You’ve likely heard of the massive 5,000-mile Sargassum seagrass belt that traces the Gulf of Mexico, but what, if any, effects will we get here along the Texas Gulf Coast?
ABC13 Chief Meteorologist Travis Herzog consulted with research scientists at NOAA’s Atlantic Oceanography and Meteorology Laboratory (AOML) and the University of South Florida (USF). The short answer is that we have not yet determined how much of that seaweed will make it to Texas shores.
See ABC News Report: Massive Sargassum seaweed bloom bound for Florida is a mystery to scientists
Two sources of Sargassum are found along the Texas coast, says Dr. Xuanmin Hu of USF.
The first is a local source in the Gulf Northwest that typically peaks along the Texas shores in April and May. You may remember in 2014 when we had a record amount of Sargassum Beach along the Texas coast around Memorial Day weekend.
The other source is what emerges from the Caribbean from the Great Atlantic Sargassum Belt, which typically peaks along Texas shores in the summer months.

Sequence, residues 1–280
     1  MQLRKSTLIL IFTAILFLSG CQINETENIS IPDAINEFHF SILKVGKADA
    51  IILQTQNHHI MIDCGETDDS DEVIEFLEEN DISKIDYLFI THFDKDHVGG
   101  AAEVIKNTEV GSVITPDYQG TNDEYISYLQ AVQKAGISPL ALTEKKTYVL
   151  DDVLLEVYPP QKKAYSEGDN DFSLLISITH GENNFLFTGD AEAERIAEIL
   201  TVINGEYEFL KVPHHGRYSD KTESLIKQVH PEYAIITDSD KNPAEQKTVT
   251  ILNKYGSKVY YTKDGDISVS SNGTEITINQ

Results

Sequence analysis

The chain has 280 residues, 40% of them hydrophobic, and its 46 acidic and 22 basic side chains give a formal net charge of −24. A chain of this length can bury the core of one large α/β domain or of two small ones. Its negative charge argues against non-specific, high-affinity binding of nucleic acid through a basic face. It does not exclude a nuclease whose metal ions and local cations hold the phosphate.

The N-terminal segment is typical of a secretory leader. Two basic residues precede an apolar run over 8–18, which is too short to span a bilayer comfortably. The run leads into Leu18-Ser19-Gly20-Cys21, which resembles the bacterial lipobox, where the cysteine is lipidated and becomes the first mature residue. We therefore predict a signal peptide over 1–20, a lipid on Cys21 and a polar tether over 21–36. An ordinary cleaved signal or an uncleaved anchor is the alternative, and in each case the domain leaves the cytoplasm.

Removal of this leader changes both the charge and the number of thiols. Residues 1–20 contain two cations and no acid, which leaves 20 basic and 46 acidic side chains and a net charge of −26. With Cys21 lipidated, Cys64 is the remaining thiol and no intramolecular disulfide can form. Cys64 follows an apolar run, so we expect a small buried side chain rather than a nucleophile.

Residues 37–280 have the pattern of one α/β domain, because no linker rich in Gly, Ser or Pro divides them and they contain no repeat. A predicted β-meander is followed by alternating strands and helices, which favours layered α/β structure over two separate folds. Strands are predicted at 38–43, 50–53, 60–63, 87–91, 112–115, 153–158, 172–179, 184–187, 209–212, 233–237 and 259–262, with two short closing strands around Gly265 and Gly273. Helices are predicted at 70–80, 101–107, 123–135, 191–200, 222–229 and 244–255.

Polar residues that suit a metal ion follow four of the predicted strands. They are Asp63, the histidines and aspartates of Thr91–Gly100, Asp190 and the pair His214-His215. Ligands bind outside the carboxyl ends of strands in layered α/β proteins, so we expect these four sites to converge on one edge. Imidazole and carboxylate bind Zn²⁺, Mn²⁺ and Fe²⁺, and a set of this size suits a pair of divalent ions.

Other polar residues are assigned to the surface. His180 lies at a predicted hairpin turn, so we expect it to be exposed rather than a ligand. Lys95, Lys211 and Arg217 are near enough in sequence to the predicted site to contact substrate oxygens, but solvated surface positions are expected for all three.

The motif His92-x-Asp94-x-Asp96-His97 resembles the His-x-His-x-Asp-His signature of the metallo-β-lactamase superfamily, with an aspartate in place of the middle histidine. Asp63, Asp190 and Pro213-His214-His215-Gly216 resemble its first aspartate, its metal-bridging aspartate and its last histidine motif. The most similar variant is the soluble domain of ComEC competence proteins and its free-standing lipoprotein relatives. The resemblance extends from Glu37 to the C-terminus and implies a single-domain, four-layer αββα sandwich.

It is difficult to predict exactly when and how much seaweed might wash ashore from this source because there is no direct current from the Caribbean Sea to the Texas coast.
The Gulf Stream flows primarily north from the Caribbean Sea into the Gulf and then turns east between Cuba and Florida.
Warm water eddies from the Gulf Stream often form in the center of the Gulf, break off from the main current, and drift toward Texas. These are the eddies that can contain Sargassum seaweed from the Caribbean.
So while we may finally get some of that seaweed this summer, it probably won’t be as much as it’s heading towards Florida.
Sargassum seaweed has recently invaded the tropical Atlantic Ocean, and has become a major recurring problem since 2011.
To find out, watch Travis’ explanation in the video above, which includes a new experimental map showing the current risks of Sargassum seagrass along the coasts of the Gulf, Caribbean Sea, and Atlantic Ocean.
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